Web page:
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This method is of use in drawing a perspective representation of a circle, the trapezium being the representation of a square circumscribing the circle. The point K is not necessarily upon the line B C.

THE HYPERBOLA. 124. DEFINITIONS.—The name hyperbola is given to a class of curves which are not enclosed, or that do not enclose a space. These curves have two branches, as A L, Al (fig. 107), each of which start from the same point, A, and go off to infinity; the two branches are exactly alike, and are divided from each other by a right-line, C S, passing through the vertex, A, of the curve, which is the point where the two branches meet; this line, CS, is called the axis of the curve, and lines SL, SI, drawn at right angles to the axis, cut the two branches of the curve at equal distances therefrom. The hyperbola has two fuci, s, (fig. 106), and the point C, halfway between the foci, is called the centre. The ratio of the distance of the centre from the focus S, to its distance from the vertex A or CS:C A, is called the eccentricity of the curve, which is increased as A is moved towards C, and decreased as A is moved away from C; thus (fig. 107) there are three hyperbolas of different degrees of eccentricity, but having a common centre and focus. Any line drawn from the focus S to the curve, as S P (fig. 106), is called the radius-vector. Two lines intersecting at the centre C (fig. 107), and making equal angles with the axis Cs, as CB, Cb, to which the curve is continually approaching without ever reaching, are called asymptotes. When the asymptotes make a right-angle with each other, the curve to which they belong is called the rectangular-hyperbola. The ordi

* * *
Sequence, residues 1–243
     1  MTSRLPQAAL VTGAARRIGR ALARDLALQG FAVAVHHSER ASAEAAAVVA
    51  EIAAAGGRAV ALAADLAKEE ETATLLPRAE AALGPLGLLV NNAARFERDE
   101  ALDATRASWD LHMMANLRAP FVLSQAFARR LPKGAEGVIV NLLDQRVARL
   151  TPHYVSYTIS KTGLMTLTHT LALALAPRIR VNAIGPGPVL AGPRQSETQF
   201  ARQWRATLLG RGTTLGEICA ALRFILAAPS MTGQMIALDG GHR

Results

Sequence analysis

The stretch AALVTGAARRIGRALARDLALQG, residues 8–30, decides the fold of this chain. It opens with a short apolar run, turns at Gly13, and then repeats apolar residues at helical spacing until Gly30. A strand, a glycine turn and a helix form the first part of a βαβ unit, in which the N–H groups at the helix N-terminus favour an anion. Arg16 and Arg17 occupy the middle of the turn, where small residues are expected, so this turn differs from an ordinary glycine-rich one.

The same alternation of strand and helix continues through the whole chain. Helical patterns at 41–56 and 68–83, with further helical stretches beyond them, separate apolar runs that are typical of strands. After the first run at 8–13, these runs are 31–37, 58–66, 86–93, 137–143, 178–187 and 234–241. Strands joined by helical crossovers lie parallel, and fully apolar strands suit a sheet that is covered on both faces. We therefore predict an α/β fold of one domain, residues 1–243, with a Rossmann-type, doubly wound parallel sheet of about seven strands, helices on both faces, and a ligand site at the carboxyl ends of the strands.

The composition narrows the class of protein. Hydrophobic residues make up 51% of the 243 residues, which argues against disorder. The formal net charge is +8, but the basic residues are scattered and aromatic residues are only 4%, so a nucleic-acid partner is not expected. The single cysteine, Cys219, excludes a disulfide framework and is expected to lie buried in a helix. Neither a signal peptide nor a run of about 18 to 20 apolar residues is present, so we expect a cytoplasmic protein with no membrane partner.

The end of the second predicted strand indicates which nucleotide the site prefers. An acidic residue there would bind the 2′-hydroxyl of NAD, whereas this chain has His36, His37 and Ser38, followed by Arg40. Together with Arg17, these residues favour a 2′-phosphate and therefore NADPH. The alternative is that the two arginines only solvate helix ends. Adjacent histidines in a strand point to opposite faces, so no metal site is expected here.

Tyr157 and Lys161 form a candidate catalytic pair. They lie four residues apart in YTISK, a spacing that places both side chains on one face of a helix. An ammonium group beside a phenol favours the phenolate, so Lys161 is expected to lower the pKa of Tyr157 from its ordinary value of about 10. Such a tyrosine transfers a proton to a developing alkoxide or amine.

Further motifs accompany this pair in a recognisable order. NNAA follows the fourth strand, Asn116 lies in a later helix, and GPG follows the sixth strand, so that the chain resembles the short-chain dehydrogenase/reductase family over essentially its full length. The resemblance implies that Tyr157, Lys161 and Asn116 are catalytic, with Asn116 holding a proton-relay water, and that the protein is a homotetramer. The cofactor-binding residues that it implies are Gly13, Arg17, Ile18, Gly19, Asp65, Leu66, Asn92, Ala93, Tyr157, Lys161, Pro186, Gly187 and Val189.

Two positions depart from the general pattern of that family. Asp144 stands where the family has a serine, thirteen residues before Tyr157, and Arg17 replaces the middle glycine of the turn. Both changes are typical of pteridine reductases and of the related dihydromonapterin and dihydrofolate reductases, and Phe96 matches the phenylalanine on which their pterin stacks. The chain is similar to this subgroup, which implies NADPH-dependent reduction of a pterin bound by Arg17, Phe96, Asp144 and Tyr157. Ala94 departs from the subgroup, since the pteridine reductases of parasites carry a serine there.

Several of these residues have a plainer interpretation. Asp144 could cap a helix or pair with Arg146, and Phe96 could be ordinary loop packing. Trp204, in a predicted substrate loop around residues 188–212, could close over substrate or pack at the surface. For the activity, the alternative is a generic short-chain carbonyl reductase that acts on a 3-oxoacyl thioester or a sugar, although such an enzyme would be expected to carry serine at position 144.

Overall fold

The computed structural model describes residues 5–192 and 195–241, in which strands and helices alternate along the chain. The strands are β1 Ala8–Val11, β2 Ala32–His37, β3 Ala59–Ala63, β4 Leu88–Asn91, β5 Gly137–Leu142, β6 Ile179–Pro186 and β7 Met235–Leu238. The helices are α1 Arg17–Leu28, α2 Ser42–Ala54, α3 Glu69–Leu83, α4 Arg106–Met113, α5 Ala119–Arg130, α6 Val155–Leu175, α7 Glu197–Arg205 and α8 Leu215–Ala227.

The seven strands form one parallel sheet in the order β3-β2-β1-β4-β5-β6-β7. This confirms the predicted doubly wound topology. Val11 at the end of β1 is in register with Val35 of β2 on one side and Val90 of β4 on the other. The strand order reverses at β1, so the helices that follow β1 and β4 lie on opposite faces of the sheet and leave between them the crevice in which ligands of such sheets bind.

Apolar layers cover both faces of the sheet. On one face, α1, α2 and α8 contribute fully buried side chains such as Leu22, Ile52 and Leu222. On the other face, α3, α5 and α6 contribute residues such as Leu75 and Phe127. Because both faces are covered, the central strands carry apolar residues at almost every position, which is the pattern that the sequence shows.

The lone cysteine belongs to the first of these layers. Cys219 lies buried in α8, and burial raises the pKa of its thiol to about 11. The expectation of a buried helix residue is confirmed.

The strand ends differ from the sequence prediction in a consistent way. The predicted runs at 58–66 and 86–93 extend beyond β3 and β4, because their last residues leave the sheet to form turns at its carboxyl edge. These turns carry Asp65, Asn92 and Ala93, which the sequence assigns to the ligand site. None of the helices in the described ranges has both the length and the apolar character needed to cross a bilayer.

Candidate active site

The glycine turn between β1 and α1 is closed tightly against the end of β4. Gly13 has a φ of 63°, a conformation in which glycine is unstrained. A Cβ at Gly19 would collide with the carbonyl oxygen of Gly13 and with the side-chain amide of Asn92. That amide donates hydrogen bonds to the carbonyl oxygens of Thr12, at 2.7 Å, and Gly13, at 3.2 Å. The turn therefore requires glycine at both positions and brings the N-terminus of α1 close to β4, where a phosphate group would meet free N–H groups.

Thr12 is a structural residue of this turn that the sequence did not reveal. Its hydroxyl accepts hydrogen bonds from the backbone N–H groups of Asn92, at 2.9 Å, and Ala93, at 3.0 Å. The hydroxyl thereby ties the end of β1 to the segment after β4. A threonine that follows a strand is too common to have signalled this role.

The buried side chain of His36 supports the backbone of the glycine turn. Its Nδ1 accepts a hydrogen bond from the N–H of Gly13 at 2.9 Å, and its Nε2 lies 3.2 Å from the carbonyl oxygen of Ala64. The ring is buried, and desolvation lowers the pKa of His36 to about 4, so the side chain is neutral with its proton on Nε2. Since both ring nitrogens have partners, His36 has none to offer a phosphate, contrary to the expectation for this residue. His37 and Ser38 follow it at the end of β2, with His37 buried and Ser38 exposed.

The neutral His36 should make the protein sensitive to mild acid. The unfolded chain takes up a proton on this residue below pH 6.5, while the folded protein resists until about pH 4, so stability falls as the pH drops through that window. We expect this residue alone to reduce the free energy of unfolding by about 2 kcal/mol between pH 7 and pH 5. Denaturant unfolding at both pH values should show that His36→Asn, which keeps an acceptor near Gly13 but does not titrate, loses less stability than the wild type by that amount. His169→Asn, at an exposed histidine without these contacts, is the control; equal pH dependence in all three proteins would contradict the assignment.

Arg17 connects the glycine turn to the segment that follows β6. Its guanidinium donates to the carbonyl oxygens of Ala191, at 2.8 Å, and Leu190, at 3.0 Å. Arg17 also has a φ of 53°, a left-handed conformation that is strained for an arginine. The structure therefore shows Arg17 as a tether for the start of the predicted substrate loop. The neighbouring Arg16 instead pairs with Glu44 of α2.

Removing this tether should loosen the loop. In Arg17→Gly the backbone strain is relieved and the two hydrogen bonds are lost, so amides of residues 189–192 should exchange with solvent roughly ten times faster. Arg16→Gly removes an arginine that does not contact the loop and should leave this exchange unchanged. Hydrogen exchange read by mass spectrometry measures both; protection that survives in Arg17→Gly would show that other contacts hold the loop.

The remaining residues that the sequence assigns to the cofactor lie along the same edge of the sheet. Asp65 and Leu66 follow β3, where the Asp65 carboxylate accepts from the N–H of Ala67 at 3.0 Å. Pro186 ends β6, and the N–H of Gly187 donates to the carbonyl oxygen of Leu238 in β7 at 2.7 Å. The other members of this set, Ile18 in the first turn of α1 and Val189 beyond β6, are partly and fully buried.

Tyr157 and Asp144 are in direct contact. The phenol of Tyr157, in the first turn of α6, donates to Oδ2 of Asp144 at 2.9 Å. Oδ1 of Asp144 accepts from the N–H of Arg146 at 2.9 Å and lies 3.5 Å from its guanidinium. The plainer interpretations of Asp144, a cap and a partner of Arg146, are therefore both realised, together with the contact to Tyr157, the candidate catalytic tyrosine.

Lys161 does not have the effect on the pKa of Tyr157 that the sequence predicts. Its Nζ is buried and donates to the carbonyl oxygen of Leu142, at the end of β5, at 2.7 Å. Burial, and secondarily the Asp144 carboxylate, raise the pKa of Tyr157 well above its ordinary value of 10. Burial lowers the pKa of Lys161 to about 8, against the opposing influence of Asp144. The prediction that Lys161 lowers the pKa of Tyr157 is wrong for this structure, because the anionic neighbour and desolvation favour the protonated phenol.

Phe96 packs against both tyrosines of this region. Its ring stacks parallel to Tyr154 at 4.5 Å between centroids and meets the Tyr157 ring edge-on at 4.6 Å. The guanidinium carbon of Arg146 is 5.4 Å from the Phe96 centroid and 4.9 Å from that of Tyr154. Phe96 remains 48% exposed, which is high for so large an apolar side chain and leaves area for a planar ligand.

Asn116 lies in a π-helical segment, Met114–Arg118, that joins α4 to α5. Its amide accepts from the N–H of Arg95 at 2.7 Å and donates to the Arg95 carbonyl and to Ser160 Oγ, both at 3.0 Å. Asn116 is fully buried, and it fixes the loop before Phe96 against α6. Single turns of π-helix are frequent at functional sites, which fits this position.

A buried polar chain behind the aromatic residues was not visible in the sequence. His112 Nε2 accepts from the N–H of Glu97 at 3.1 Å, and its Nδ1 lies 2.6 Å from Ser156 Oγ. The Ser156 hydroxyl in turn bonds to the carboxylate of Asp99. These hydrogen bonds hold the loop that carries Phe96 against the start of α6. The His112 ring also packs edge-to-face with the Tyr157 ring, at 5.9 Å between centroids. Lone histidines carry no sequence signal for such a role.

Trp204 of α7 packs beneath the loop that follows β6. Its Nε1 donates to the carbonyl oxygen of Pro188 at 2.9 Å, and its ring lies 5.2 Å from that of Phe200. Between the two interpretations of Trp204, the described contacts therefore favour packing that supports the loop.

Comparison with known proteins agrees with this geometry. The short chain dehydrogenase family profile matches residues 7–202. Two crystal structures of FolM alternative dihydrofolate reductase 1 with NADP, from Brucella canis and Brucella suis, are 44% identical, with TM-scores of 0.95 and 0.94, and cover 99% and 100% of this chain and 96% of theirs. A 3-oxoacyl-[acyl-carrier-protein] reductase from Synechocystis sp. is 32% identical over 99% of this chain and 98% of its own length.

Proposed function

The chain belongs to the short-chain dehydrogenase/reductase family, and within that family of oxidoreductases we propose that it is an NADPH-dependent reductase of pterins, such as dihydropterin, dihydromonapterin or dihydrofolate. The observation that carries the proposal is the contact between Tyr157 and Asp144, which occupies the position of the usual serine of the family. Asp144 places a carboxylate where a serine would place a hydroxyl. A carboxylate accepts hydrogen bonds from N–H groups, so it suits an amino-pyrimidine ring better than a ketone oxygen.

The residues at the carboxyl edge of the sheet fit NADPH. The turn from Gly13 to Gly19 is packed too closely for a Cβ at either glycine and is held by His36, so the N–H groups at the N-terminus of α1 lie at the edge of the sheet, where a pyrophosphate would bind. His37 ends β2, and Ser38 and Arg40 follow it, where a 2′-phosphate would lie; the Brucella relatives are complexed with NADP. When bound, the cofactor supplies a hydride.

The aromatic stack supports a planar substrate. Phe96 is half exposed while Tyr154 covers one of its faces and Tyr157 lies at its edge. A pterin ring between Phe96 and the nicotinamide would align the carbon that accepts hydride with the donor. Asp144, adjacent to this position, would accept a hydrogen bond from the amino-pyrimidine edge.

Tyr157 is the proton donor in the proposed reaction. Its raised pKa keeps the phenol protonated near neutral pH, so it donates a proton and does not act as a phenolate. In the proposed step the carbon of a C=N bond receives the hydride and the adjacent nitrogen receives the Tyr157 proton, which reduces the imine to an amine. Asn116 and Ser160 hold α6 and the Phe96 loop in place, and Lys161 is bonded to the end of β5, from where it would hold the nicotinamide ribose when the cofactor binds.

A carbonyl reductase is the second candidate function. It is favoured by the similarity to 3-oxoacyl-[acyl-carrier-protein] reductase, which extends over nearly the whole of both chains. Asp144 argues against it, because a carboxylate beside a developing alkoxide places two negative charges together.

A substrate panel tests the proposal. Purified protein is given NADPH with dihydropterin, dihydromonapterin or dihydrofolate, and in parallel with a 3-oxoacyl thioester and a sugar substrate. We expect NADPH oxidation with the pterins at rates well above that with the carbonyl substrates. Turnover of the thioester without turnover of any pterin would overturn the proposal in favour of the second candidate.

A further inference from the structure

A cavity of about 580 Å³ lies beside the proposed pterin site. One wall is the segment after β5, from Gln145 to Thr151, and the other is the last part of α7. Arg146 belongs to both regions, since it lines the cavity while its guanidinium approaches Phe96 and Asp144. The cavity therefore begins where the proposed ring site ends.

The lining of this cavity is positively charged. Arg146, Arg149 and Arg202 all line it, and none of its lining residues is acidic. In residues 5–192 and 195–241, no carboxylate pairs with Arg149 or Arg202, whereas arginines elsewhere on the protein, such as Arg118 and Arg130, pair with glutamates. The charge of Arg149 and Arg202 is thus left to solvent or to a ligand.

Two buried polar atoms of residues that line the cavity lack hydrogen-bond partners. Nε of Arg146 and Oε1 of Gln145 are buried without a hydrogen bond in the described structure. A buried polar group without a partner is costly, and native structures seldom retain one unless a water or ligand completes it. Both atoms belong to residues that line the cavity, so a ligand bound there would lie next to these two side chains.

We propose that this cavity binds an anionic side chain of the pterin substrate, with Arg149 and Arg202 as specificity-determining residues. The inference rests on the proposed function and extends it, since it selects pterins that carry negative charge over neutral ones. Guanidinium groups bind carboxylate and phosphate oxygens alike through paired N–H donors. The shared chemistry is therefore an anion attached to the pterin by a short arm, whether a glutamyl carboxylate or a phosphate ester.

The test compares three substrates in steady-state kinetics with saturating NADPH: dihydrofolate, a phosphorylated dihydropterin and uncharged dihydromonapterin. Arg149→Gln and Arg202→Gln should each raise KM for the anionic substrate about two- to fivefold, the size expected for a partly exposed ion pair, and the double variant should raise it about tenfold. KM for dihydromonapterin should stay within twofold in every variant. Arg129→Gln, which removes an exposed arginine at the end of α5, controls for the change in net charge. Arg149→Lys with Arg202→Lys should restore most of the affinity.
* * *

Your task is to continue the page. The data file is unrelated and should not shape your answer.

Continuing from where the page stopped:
nate drawn through the focus S, as SL (fig. 107), at right angles to the axis, is called the latus-rectum. Any distance measured along the axis, either from the centre C or the vertex A, is called an abscissa.

125. To draw an hyperbola by continuous motion.Draw a straight line, HCS (fig. 106), as an axis, and let

Fig. 106.


HS be the given distance apart of the foci, C the centre, A the given vertex. Between A and C take A X, equal to A S. Let a ruler, as H Q, be made to revolve about a pin at one end, H, in the axis ; and from H measure on HQ the length H Y, equal to H X. At Q, fasten a thread of length equal to Q Y, and attach the other end to a pin at the focus S. Let the ruler lie upon the axis, and the thread be tightened by a pencil pressed against the edge of the ruler. Then, as the ruler revolves about the point H, the pencil keeping the thread tight will mark out the curve beginning at the vertex A.

This method is derived from the property of the hyperbola that the difference between the focal distances of any point P on the curve are always the same; that is, HP -SP is always equal to H X or H Y.

126. To find any number of points upon the contour of a hyperbola, whose vertex and foci are given.—Let HS (fig. 106) be the axis, H and S the given foci, A the given vertex. Make A X equal to A S, take any point E on the axis to the right of the vertex A, and from Sas a centre, with X E as radius, describe a circle ; also from H as a centre, with H E as radius, draw an arc cutting the circle at the point P, which will then be a point upon the required curve. In the same manner we can find any number of points on the curve, by taking different points along the axis from A, and